During the pandemic, the chances are that as you enter an airport or doctor’s surgery, someone will point an infrared thermometer at your forehead in order to assess your temperature. Your skin temperature is being measured to try to identify whether or not you have an increased deep body temperature, which is indicative of fever, one of the leading signs of COVID-19.
The good thing about using infrared thermometers is that they are quick, simple and non-invasive. You can rapidly screen many people without inconveniencing them, for instance travelers moving through an airport or people entering a sports stadium. But to be useful mass-screening tools, infrared thermometers also need to be accurate—and this is where problems arise.
Although fever is a leading symptom of COVID-19, many infected people don’t have any symptoms, or they develop a fever after they have become infectious, got ill and entered hospital. At least 11% of those with COVID-19 do not have a fever, and only 43% of patients ill enough to be admitted to hospital have one. So, looking for fever is not a foolproof approach.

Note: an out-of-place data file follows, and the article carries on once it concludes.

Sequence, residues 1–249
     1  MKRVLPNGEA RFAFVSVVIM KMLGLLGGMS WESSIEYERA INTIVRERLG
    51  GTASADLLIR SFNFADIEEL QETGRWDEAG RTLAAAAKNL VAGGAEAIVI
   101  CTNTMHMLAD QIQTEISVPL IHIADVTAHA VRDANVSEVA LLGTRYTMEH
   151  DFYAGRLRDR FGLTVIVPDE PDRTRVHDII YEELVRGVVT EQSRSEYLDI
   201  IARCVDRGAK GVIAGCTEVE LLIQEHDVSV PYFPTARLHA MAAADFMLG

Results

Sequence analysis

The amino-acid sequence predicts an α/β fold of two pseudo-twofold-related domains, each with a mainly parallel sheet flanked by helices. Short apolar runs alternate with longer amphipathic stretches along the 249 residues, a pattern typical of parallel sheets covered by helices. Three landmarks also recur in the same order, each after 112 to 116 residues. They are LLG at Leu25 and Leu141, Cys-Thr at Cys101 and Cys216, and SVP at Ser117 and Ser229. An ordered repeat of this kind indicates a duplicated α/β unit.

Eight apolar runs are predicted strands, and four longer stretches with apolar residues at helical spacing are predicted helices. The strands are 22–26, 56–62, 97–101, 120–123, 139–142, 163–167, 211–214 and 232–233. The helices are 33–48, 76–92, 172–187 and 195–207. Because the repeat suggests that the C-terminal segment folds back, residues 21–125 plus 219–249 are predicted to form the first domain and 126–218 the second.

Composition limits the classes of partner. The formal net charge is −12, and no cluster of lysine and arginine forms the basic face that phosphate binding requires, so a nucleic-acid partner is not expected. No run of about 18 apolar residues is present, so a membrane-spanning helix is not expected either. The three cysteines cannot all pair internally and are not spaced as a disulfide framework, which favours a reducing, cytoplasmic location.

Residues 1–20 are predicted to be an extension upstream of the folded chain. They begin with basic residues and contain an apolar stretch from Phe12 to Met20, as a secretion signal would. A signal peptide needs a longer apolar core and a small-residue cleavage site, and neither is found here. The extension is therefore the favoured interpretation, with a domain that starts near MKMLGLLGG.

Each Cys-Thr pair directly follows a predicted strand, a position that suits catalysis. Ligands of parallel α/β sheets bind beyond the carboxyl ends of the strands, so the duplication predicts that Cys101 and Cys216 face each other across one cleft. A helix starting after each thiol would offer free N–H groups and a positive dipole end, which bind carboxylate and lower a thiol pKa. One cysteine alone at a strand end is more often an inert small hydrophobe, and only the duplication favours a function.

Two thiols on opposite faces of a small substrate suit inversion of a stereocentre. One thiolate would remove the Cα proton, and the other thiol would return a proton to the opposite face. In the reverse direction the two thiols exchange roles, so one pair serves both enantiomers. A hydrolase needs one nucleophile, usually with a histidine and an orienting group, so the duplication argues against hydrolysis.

Plus, while an infrared thermometer can measure skin temperature accurately, the real question is: does forehead temperature tell us anything about deep body temperature, the true sign of fever? In certain, highly controlled circumstances, an increased forehead temperature can indicate a raised deep body temperature—this is why people put their hand on your forehead when you say you don’t feel very well.
But the problem is, forehead or skin temperature can be increased or decreased independently of deep body temperature, for many reasons. Having just been in a cold or hot environment, sunburn, having just exercised, wearing too many clothes, having drunk alcohol, having just eaten, having a variety of skin conditions—these can all influence skin